Three Tenors of Climate Change: 7pm-9pm at the Salt Palace

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ShelbyUCE's picture
10/04/2018

Science is about facts, and scientific fact is at the center of climatologist Dr. Ben Santer’s work on global warming. The esteemed scientist from Lawrence Livermore Labs will join Milwaukee-based filmmaker Chip Duncan and global health expert Dr. Hernando Garzon from California’s Kaiser Permanente for an evening of discussion about receding glaciers, global climate modeling and the long term health consequences facing a warming world.

Using personal stories, long term study and decades of documentation and participation, Santer, Duncan and Garzon have teamed up to bring their climate story to audiences across the U.S. Duncan begins the evening with a discussion of his documentation of North America’s iciest landscapes going back to 1991. Santer tells the story of a warming climate through computer modeling and satellite imagery accented by personal stories that begin with his participation in the 1995 report of the Intergovernmental Panel on Climate Change (IPCC). This report reached the historic conclusion that “the balance of evidence suggests a discernible human influence on global climate.” Considered one of the world’s leading experts on global disaster response during the past generation, Garzon weaves a personal story that begins with his work navigating crises like 9/11, the Haitian earthquake and West Africa’s Ebola crisis while addressing a noticeable shift to climate-related disasters such as Puerto Rico, New Orleans, sub-Saharan Africa, and the Ayerwaddy Delta region of Burma.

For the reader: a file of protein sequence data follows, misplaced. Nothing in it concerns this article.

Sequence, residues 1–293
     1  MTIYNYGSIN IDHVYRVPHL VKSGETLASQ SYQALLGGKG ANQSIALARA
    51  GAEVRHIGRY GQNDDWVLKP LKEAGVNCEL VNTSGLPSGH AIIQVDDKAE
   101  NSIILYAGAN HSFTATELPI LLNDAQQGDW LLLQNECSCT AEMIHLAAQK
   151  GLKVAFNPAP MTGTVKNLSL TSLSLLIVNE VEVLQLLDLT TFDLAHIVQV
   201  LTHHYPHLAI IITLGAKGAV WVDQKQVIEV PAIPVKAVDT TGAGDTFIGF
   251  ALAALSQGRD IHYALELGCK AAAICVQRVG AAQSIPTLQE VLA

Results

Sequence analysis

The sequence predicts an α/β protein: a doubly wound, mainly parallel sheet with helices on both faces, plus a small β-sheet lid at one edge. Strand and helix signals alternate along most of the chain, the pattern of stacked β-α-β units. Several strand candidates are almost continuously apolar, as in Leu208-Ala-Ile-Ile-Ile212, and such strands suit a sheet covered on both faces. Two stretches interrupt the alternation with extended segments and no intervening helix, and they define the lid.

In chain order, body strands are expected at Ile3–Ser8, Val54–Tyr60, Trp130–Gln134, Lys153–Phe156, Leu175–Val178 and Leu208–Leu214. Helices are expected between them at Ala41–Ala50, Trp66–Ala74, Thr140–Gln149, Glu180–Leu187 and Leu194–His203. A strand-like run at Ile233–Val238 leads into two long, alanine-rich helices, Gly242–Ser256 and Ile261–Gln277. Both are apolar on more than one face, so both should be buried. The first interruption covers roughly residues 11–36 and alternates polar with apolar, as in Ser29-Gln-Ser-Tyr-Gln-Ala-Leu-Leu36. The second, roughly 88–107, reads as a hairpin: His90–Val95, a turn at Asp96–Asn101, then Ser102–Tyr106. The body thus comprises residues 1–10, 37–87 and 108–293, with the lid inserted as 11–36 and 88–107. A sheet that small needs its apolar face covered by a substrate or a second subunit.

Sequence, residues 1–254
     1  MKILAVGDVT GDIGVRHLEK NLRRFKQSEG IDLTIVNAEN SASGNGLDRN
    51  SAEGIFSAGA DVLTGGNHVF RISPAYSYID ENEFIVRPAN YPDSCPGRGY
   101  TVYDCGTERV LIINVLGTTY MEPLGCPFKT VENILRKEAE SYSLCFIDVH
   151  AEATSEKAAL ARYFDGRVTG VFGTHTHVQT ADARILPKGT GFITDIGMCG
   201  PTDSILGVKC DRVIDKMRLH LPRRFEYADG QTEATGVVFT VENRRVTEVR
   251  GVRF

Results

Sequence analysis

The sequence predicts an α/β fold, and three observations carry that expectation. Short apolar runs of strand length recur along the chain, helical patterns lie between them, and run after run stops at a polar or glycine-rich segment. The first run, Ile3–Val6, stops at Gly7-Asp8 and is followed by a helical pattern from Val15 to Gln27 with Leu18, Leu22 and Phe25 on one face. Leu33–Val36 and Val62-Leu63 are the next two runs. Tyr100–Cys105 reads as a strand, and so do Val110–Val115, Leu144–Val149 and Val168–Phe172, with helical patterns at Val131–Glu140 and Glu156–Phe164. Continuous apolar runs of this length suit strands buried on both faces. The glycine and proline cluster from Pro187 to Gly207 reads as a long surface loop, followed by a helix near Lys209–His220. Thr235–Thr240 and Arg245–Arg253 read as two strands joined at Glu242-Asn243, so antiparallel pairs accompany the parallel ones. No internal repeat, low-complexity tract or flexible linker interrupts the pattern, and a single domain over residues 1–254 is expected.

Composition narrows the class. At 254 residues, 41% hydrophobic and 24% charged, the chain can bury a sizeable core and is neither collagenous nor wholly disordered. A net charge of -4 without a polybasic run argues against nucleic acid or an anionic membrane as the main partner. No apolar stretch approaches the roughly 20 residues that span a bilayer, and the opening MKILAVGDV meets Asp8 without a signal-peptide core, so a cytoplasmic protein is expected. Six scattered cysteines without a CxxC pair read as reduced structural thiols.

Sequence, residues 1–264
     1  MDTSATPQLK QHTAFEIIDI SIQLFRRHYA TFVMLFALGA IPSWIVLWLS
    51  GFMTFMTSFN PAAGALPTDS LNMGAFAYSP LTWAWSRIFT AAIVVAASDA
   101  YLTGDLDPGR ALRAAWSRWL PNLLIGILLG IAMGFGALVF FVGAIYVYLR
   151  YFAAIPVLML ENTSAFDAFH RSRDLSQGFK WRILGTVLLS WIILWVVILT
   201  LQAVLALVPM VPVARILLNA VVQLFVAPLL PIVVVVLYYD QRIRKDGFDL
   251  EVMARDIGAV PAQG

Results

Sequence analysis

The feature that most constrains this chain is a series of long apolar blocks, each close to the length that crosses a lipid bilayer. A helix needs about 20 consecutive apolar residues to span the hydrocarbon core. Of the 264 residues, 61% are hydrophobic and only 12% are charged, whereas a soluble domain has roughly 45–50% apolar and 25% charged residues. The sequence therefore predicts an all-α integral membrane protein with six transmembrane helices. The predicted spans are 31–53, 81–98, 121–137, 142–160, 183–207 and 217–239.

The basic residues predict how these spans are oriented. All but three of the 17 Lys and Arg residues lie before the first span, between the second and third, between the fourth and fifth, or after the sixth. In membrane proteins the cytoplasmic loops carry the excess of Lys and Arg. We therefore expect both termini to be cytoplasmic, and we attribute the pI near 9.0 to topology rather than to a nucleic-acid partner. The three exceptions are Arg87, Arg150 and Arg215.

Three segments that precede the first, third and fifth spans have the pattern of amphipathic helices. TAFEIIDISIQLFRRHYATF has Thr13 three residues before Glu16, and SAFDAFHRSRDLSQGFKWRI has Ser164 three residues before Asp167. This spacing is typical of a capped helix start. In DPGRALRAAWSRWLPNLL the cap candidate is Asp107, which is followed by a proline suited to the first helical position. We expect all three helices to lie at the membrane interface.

Garzon, Santer and Duncan are also board members for the Juneau Icefield Research Program, a.k.a. JIRP (www.JuneauIcefield.com). Among its many scientific achievements, JIRP’s work includes the 2nd longest field study of ice and glaciers on earth.

Register for the event here